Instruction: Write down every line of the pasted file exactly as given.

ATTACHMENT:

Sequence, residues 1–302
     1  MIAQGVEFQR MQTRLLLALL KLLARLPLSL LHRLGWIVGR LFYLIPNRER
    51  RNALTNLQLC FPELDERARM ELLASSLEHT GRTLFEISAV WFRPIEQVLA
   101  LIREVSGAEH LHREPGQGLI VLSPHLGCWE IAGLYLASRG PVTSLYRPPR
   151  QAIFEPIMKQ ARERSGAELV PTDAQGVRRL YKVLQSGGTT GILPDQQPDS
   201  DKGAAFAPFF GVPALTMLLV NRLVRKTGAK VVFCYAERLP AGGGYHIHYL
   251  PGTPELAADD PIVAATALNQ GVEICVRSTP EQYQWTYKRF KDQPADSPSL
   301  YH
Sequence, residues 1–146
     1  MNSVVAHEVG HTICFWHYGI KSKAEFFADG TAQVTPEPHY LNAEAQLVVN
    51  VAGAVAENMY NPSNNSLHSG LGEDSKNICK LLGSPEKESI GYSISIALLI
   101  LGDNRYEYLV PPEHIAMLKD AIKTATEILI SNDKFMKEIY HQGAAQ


Sequence, residues 1–302
     1  MIAQGVEFQR MQTRLLLALL KLLARLPLSL LHRLGWIVGR LFYLIPNRER
    51  RNALTNLQLC FPELDERARM ELLASSLEHT GRTLFEISAV WFRPIEQVLA
   101  LIREVSGAEH LHREPGQGLI VLSPHLGCWE IAGLYLASRG PVTSLYRPPR
   151  QAIFEPIMKQ ARERSGAELV PTDAQGVRRL YKVLQSGGTT GILPDQQPDS
   201  DKGAAFAPFF GVPALTMLLV NRLVRKTGAK VVFCYAERLP AGGGYHIHYL
   251  PGTPELAADD PIVAATALNQ GVEICVRSTP EQYQWTYKRF KDQPADSPSL
   301  YH
Sequence, residues 1–146
     1  MNSVVAHEVG HTICFWHYGI KSKAEFFADG TAQVTPEPHY LNAEAQLVVN
    51  VAGAVAENMY NPSNNSLHSG LGEDSKNICK LLGSPEKESI GYSISIALLI
   101  LGDNRYEYLV PPEHIAMLKD AIKTATEILI SNDKFMKEIY HQGAAQ